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Top 20 Funniest Learning Games For Kindergarten Kids. Photo:

Giving knowledge to children in the form of "playing" will help children quickly absorb knowledge and remember longer. So learning games for preschoolers are always great educational ways. In this article, would like to introduce to you a list of the best and most interesting learning games for preschool children.

Top 20 Funniest Learning Games For Kindergarten Kids

Photo Pinterest
Photo Pinterest

1. Guess the Animal

What kids learn: Names of animals

Requires: Animal photo cutouts

How to play: Print out animal photos and paste them onto a cardboard sheet for this indoor game. Take out these animal cutouts and place them in your kindergarten classroom whenever you have free time to set up learning games. Then, one by one, have your students guess the animal from the photos.

READ MORE: 5 Best Educational Games for 6 Year old Kids

2. Collect Pink Balloons Only

Requires: Colorful balloons

How to play: This is a fun and educational game to play with kindergarteners. First and foremost, you must inflate various colorful balloons and scatter them throughout your classroom. After that, assign a color to each student and instruct them to collect balloons only in that color, such as pink.

What kids learn: Help your students identify different colors, and running around the class will tire them out.

READ MORE: 7 Best Educational Games for 7 Year-Old Kids

3. Simon Says, Draw!

Photo Pinterest
Photo Pinterest

Requires: Paper and crayons

How to play: Give each student a paper sheet and crayons. Then give them instructions to draw various objects, such as Simon's instruction to draw a circle. However, if you do not say "Simon says" before giving instruction and your students continue to draw, they will lose the game.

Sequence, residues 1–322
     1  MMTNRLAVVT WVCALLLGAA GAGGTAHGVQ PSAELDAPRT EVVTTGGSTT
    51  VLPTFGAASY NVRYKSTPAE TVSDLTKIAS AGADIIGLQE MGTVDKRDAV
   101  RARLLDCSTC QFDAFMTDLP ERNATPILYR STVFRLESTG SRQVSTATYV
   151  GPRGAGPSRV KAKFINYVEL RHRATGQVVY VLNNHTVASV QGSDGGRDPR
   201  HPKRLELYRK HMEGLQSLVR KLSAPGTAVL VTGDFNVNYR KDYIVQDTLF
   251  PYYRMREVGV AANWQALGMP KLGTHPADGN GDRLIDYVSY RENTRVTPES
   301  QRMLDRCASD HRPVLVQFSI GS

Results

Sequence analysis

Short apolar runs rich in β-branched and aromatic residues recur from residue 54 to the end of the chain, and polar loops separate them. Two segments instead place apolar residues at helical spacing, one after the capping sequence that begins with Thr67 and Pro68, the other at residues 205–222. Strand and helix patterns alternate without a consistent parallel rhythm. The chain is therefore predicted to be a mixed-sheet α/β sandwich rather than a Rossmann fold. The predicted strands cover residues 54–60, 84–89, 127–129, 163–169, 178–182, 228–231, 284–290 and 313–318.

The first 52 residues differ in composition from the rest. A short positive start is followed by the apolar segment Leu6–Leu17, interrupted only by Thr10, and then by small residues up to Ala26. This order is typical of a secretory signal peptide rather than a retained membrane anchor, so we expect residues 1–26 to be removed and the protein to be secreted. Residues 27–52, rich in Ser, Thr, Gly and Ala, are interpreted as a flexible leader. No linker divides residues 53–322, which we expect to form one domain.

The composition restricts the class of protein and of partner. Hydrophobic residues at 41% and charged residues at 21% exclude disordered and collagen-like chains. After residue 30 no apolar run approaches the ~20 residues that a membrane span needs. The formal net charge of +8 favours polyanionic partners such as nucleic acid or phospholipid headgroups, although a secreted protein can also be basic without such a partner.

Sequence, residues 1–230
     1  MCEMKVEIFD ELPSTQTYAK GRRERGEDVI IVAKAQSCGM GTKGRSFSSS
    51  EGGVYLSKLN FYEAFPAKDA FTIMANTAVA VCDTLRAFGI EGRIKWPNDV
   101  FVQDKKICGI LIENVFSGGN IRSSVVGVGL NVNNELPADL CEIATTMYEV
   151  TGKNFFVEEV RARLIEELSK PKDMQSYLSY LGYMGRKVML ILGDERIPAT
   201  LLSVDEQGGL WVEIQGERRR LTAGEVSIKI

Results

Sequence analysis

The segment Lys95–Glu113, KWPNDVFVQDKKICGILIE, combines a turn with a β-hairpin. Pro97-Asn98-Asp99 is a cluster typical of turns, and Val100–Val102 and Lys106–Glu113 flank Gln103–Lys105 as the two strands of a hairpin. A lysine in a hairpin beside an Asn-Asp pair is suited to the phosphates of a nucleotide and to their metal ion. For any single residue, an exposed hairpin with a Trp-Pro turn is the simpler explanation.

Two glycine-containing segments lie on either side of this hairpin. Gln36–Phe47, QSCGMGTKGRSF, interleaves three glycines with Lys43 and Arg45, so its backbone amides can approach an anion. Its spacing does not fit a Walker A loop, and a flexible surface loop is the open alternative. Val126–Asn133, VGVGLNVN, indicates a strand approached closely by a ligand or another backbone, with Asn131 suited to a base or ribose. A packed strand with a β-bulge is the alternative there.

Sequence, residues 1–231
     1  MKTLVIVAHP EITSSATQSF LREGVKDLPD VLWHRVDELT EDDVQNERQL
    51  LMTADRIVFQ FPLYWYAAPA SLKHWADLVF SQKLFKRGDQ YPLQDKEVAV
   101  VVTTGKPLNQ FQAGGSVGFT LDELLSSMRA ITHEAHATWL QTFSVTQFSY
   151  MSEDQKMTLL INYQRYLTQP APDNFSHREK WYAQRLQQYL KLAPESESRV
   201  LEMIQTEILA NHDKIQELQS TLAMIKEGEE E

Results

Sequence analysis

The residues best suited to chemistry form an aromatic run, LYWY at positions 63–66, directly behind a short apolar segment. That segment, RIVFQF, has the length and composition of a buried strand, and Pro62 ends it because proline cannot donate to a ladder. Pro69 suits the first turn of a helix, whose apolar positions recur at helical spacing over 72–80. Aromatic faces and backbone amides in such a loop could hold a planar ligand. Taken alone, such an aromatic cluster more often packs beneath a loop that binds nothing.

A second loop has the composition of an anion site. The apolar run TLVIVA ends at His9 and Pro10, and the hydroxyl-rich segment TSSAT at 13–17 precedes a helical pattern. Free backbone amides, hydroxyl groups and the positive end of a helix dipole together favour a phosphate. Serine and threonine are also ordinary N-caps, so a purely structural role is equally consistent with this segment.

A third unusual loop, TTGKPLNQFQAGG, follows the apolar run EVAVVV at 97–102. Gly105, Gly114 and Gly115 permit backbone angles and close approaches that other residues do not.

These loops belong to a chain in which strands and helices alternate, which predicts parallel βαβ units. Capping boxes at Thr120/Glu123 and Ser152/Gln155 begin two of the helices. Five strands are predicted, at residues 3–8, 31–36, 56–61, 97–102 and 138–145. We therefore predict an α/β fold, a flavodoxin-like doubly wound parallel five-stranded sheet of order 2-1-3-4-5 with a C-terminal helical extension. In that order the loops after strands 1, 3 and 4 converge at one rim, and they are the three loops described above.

What kids learn: This will teach them how to listen and follow the instructions properly.

4. Blow Bubbles

Requires: Dish soap and straw

How to play: You can use blow bubble games to calm sensory-challenged students in your class. Dish soap should be dissolved on a plate, and students should be given a straw to blow bubbles with. To stimulate students' visual senses, add different colors to the bubble mixtures.

What kids learn: Improve their senses

5. Color Matching Activity

Requires: Colorful balloons

How to play: You can relax your sensory-disordered students by blowing up balloons with them. Following that, you can request that they find matching colored balloons. For example, you could hold a yellow balloon in your hand and ask students to find a balloon of the same color.

What kids learn: This indoor classroom game will help to improve visual senses.

6. Suck It Up

Requires: Straws and soft toys

How to play: This is the best indoor classroom game for kindergarten students to help them develop their oral senses. You can scatter small soft toys around your classroom and ask your students to pick them up with a straw.

What kids learn: This activity will help improve your students’ oral senses and muscular strength.

7. Shaving Cream Finger Painting

Requires: Shaving cream and watercolors

How to play: A shaving cream finger painting game can help your students improve their tactile senses. You can make different colored shaving creams and distribute them to your students. After that, you can let them paint by dipping their fingers into various colors.

What kids learn: This will help to improve their visual senses.

8. Salt Art

Requires: Loads of salt

How to play: Simply spread salt on a large plate and instruct your students to draw various letters, shapes, and numbers on it.

What kids learn: When students trace salt with their fingers and draw various things, it stimulates their feelings and allows them to better channel their senses.